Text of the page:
Question of the Day: Separate But Equal Roads?

Jonny Lieberman
by Jonny Lieberman

A friend of mine works for the GAO (Government Accountability Office) out here in the City of Angels. As cracking the traffic nut in Los Angeles is the Gordian Knot of our time, he hears a lot of supposed "solutions." Sadly, most involve toll roads. However, one we've discussed that I like is the idea of separate roads for semi trucks. More specifically, all cargo coming into San Pedro and Long Beach gets trained up to near Union station where it is then picked up by waiting trailers that then drive off on rig-only roads. With no passenger cars to get in their way, the semis could haul three trailers. Flipside: with no big rigs clogging the freeways, traffic would roll. Furthermore, as 100 percent of all non-weather road damage is caused by 18-wheelers, public roads would last much, much longer and be shuttered less often for repairs. Win/win, if you ask me. Though, there is that up front cost… Still, I think it's a fantastic plan. Now, we just get another series of roads in place for anything with two-wheels and we're in business. What do you think?

Jonny Lieberman
Jonny Lieberman

Cleanup driver for Team Black Metal V8olvo.

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  • T2 T2 on Aug 07, 2008

    “Though mass transit could have been done better in spite of our distances. The former US auto industry played a major role in the lack of a mass transit/rail system in this country. There are entirely too many trucks on our highways (one engine per box) and entirely too few cargo trains (one engine per 50 boxes) on our albeit limited railways.” the above written by one of our posters here is a good observation. My suggestion is to nationalise the rail lines mostly just the major routes, but not the rolling stock. Then the track maintenace would become a Federal responsibility, just as the paved roads are. Then invite trucking companies to set up intermodal facilities with their own rolling stock. Computers would control traffic with speeds limited to 40mph. Rail crossings could also be set up like conventional intersections but with look-ahead sensors as before so trains needn’t stop. Limit trains to hauling ten railcars so that much lower cost tractor units could be employed and thus encourage a competitive environment for new entrants. T2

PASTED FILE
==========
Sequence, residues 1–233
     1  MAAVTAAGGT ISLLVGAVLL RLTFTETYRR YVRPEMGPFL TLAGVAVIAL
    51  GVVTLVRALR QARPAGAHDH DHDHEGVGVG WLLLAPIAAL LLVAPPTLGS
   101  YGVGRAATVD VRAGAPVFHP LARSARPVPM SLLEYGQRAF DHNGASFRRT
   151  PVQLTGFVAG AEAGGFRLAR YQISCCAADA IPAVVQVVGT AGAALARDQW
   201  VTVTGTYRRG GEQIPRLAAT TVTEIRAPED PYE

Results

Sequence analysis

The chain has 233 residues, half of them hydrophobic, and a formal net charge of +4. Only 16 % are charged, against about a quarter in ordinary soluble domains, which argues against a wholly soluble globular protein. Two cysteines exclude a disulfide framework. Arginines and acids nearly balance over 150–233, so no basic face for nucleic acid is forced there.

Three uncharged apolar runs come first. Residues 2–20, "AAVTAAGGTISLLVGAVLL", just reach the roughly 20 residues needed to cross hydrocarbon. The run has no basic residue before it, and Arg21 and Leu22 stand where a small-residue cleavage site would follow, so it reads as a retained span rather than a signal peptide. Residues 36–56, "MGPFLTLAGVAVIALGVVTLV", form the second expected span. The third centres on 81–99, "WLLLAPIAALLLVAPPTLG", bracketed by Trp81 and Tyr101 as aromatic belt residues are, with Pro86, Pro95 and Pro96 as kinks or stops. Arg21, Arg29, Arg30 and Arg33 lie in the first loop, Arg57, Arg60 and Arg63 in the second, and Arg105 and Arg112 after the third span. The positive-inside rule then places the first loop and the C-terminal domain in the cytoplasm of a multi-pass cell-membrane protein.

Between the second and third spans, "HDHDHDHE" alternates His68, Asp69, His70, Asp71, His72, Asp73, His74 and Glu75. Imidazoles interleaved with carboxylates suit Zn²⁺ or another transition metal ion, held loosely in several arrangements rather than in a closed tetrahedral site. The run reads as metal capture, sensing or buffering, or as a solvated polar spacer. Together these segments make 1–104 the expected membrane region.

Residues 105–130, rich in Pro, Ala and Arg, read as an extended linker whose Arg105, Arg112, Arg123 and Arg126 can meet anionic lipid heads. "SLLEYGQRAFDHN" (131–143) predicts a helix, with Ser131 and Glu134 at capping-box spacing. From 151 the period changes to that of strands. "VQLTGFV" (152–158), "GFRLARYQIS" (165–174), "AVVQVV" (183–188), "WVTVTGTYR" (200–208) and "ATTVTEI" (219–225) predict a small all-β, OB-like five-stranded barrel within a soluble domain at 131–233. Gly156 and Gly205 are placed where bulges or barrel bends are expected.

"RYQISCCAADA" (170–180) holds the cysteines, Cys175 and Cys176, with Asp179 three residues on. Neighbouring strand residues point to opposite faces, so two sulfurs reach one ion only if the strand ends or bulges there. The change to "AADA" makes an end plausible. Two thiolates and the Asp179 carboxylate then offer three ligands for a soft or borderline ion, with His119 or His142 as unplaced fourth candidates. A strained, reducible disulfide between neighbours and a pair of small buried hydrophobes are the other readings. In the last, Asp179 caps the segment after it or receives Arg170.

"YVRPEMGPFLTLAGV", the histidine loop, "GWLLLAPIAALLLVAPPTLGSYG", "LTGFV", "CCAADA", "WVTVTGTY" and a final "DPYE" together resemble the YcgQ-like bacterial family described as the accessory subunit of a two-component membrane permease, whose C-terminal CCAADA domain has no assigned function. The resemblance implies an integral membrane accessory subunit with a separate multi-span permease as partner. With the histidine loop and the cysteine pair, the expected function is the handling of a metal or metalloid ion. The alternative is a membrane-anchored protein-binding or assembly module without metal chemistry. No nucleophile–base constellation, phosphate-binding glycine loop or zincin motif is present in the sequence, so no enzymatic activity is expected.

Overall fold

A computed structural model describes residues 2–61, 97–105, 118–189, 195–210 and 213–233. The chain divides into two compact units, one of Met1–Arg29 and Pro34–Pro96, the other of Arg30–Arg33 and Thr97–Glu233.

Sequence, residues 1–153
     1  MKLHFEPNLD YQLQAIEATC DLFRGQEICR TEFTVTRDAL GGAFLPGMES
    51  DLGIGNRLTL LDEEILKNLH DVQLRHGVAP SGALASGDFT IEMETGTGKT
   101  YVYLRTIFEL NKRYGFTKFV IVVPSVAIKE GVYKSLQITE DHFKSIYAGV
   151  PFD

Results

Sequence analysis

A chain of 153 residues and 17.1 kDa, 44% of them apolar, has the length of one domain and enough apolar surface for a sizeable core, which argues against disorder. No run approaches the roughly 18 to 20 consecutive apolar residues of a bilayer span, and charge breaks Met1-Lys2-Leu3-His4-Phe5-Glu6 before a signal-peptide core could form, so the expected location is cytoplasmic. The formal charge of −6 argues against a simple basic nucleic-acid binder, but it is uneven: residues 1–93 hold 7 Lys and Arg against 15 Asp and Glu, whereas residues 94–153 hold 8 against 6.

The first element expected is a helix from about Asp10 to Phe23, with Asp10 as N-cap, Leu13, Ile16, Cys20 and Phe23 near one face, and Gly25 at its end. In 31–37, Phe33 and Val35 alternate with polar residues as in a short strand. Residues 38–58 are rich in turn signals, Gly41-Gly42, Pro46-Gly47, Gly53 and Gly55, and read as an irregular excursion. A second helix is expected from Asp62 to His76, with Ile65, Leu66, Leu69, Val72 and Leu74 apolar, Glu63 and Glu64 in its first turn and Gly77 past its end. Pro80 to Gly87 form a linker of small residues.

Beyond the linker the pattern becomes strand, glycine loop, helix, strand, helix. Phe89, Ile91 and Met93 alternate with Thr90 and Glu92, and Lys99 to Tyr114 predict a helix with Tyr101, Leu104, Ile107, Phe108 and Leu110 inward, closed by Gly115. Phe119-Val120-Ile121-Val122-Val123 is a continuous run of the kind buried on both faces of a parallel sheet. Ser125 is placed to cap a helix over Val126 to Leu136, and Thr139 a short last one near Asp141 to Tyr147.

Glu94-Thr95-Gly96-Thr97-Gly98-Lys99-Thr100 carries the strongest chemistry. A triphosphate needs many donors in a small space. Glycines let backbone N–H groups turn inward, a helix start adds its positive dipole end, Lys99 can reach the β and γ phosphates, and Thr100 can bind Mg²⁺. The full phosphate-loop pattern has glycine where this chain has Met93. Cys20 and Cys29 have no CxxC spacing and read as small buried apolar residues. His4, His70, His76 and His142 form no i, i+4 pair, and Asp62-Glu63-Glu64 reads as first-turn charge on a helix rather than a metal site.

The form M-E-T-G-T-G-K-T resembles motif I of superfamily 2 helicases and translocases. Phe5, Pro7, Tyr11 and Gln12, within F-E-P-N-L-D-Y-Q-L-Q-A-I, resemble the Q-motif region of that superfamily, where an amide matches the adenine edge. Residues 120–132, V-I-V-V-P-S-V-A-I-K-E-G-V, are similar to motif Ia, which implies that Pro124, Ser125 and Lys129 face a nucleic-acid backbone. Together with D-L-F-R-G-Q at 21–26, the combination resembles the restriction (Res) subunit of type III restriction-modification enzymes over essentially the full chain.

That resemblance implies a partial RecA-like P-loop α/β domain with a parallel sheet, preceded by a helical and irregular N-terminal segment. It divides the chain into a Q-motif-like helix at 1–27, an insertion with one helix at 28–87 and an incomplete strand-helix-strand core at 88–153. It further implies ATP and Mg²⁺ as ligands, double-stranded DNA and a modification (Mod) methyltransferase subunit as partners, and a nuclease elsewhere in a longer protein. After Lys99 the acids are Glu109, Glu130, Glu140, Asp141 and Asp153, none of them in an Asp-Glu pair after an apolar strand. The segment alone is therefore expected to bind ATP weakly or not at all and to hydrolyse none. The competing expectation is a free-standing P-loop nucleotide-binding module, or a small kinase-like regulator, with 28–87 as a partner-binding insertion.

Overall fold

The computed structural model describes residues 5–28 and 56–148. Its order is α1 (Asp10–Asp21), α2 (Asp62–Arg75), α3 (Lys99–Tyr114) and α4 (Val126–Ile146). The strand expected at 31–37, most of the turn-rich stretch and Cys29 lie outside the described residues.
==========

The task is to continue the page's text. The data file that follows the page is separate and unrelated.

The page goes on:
• Beelzebubba Beelzebubba on Aug 07, 2008

    The traffic issues in L.A. and Atlanta are the worst in the nation according to several different sources including Forbes and CNN. Atlanta was actually ranked the absolute worse large city for commuters, even worse than L.A. Having lived all my 33-years in Metro Atlanta, I've got a head of gray hair and Xanax prescription to support that claim- driving here SUCKS!!! Semi-trucks may play some role in the traffic issues entering and leaving the city, but I attribute FAR more of the problem to people that are just too freakin' stupid to drive! Whether it's lack of driver's eduction and training, disregard for fellow drivers or maybe mental retardation...but I can spot at least ten "problem drivers" during my 83-mile round trip commute each day. By far, the two offenses that I see over and over countless times are- 1) Having no concept or understanding of the phrase "slower traffic keep right" and instead parking against the wall of the left lane of a 7-lane interstate poking along at 55mph while all the lanes to the right move faster than you! 2) Apparently, a substantial number of motorists here do not bother to look ahead and attempt to anticipate if any change in speed or lane is needed. They must forget that those on-ramps they pass every single day will likely have cars on them that need to merge into the traffic flow. Rather than adjusting speed or changing lanes to allow them to merge, they completely ignore them until they either slam on the brakes OR force the merging traffic into the shoulder/emergency lane of the highway. Seriously....the driving test should be MUCH more difficult. I like to believe that the dumbest of people will weed themselves out eventually, but I don't want them to off me in the process!!!

  • Findude Findude on Aug 07, 2008

    Let's just use trucks for the final, local delivery loop. It is much more efficient and economical to ship by rail.

  • Jerseydevil Jerseydevil on Aug 07, 2008

    we can't even take care of the roads and bridges we have now.... i think we should invest instead in more and better rail systems for freight. PS, the Garden State Parkway in Jersey doesn't have truck only lanes, however the Jersey Turnpike does for about half its length as it nears New York City. Or better put, it has car only lanes. The highway splits into two parts, cars only on the left side, and no restrictions on the right side. As for traffic jams, i find that barring an accident, both sides carry about the same amount of traffic. If there is a problem on one set of lanes, one can move to the other if in a car, so they are always about even. Also understand that this is wildly expensive in terms of construction, real estate and management, and that the tolls are kinda high, and due to get higher. And in Jersey, there is simply no more room for even more highways - anywhere. We are full. I doubt that there will be any more major highway consturction in the entire Northeast corridor anywhere. At least I hope not.